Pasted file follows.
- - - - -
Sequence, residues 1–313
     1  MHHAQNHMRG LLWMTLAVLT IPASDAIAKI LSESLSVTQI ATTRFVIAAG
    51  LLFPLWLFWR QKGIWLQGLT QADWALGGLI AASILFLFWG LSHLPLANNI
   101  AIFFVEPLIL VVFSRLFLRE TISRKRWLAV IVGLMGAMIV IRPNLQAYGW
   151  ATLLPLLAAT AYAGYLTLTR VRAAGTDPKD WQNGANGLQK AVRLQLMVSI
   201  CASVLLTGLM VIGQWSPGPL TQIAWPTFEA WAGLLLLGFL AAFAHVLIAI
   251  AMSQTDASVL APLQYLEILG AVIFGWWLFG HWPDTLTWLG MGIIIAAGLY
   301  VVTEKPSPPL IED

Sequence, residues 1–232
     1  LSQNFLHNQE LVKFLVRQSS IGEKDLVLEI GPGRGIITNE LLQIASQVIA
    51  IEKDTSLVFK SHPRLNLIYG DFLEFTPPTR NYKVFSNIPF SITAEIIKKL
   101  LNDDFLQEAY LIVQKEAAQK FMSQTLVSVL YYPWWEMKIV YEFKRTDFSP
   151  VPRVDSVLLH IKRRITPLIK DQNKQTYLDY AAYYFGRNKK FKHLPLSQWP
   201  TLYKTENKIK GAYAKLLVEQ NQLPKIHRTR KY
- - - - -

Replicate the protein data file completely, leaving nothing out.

Sequence, residues 1–313
     1  MHHAQNHMRG LLWMTLAVLT IPASDAIAKI LSESLSVTQI ATTRFVIAAG
    51  LLFPLWLFWR QKGIWLQGLT QADWALGGLI AASILFLFWG LSHLPLANNI
   101  AIFFVEPLIL VVFSRLFLRE TISRKRWLAV IVGLMGAMIV IRPNLQAYGW
   151  ATLLPLLAAT AYAGYLTLTR VRAAGTDPKD WQNGANGLQK AVRLQLMVSI
   201  CASVLLTGLM VIGQWSPGPL TQIAWPTFEA WAGLLLLGFL AAFAHVLIAI
   251  AMSQTDASVL APLQYLEILG AVIFGWWLFG HWPDTLTWLG MGIIIAAGLY
   301  VVTEKPSPPL IED

Sequence, residues 1–232
     1  LSQNFLHNQE LVKFLVRQSS IGEKDLVLEI GPGRGIITNE LLQIASQVIA
    51  IEKDTSLVFK SHPRLNLIYG DFLEFTPPTR NYKVFSNIPF SITAEIIKKL
   101  LNDDFLQEAY LIVQKEAAQK FMSQTLVSVL YYPWWEMKIV YEFKRTDFSP
   151  VPRVDSVLLH IKRRITPLIK DQNKQTYLDY AAYYFGRNKK FKHLPLSQWP
   201  TLYKTENKIK GAYAKLLVEQ NQLPKIHRTR KY